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Salix cinerea L.
Family Salicaceae
Common name: Pussy Willow, Common Sallow, Grey Willow

Salix cinerea L. APNI*

Description: Shrub or small tree with a rounded or flattened crown, to 10 m high, mostly many-stemmed, sometimes with one trunk; bark dark grey-brown, fissured with age; twigs dark red-brown, densely pubescent at first.

Leaves elliptic to obovate, 2–9 cm long, 10–40 mm wide, grey-green and pubescent above, ash-grey below with hairs; margin undulate serrate; petiole usually < 10 mm long; stipules c. 5 mm long, sometimes persistent.

Catkins male or female, 1.5–3.5 cm long, 1–2 cm wide. Female catkins smaller than male.

Capsule up to 10 mm long.


Distribution and occurrence: naturalised along streams, in swamps and other wetland habitats, often in cooler areas; regenerates readily from seed. Native of Eurasia & N Africa.
NSW subdivisions: *CC, *NT, *CT, *ST
Other Australian states: *Vic. *Tas. *S.A. *W.A.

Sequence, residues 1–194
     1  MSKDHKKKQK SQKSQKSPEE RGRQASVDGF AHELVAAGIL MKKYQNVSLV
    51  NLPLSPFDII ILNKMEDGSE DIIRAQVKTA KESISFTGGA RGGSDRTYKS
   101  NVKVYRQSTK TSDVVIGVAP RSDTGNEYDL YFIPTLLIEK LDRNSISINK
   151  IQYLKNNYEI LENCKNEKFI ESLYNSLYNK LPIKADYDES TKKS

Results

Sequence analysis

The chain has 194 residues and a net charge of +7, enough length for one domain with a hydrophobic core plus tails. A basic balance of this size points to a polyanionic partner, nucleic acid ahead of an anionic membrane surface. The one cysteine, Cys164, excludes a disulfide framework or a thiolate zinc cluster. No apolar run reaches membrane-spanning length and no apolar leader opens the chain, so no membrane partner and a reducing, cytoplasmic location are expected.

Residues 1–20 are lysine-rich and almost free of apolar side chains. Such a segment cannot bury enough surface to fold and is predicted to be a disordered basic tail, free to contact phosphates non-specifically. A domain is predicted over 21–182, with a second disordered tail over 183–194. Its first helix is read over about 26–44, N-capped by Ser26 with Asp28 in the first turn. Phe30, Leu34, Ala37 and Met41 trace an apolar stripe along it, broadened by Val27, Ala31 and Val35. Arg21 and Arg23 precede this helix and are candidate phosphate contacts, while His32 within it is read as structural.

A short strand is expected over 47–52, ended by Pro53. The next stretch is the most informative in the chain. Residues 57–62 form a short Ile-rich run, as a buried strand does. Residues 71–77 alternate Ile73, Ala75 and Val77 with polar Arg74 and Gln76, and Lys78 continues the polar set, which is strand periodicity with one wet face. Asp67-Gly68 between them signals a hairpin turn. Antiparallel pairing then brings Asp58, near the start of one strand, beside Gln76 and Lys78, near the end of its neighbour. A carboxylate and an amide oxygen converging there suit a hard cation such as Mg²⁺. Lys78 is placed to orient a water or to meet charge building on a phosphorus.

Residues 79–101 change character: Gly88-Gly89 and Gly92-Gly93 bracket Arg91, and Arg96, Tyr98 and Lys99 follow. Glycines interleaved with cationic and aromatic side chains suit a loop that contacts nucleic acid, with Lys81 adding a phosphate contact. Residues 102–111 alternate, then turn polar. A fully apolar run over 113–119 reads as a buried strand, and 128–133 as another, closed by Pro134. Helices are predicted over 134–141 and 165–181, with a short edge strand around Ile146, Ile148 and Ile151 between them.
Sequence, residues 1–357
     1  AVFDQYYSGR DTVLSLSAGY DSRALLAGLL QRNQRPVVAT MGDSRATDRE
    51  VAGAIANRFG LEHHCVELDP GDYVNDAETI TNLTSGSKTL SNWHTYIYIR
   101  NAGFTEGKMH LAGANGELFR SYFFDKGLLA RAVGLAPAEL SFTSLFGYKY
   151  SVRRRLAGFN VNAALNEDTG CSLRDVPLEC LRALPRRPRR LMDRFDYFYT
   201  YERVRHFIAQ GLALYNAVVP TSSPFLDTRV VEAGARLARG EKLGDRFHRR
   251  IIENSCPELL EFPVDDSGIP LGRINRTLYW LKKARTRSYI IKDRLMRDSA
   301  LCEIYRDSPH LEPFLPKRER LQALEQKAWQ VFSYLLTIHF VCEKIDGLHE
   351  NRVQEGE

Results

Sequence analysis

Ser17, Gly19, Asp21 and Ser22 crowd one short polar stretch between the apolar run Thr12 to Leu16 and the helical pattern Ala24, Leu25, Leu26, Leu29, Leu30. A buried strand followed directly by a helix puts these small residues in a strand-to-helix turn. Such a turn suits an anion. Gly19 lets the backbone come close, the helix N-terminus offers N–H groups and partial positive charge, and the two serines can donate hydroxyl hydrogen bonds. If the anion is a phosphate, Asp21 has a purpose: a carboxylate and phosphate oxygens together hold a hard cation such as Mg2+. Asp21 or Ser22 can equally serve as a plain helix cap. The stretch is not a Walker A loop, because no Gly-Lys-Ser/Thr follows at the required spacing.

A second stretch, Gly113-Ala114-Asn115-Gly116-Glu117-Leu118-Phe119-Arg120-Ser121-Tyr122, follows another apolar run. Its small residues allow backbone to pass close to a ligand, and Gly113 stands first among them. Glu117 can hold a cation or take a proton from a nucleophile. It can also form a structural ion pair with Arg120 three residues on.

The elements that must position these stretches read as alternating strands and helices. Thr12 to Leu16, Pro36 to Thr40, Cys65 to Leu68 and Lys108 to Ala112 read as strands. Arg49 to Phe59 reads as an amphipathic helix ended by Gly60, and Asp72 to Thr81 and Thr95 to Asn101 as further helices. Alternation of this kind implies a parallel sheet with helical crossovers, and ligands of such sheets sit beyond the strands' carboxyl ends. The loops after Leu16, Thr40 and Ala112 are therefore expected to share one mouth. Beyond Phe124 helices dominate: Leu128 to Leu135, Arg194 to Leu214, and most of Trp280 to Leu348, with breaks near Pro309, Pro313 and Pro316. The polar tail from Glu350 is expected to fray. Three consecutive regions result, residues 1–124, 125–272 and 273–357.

Declared Noxious Weed
AVH map***

Salix cinerea has been widely misidentified as S. caprea L. Subspecies are sometimes recognised.

Pussy Willow has been cultivated for its decorative branches with their soft 'fluffy' catkins, but it can be a highly invasive weed of wetlands.

Text by S.W.L. Jacobs & L. Murray (2000); updated May 2017
Taxon concept: Flora of NSW 1 Suppl. (2000)


APNI* Provides a link to the Australian Plant Name Index (hosted by the Australian National Botanic Gardens) for comprehensive bibliographic data
***The AVH map option provides a detailed interactive Australia wide distribution map drawn from collections held by all major Australian herbaria participating in the Australian Virtual Herbarium project.
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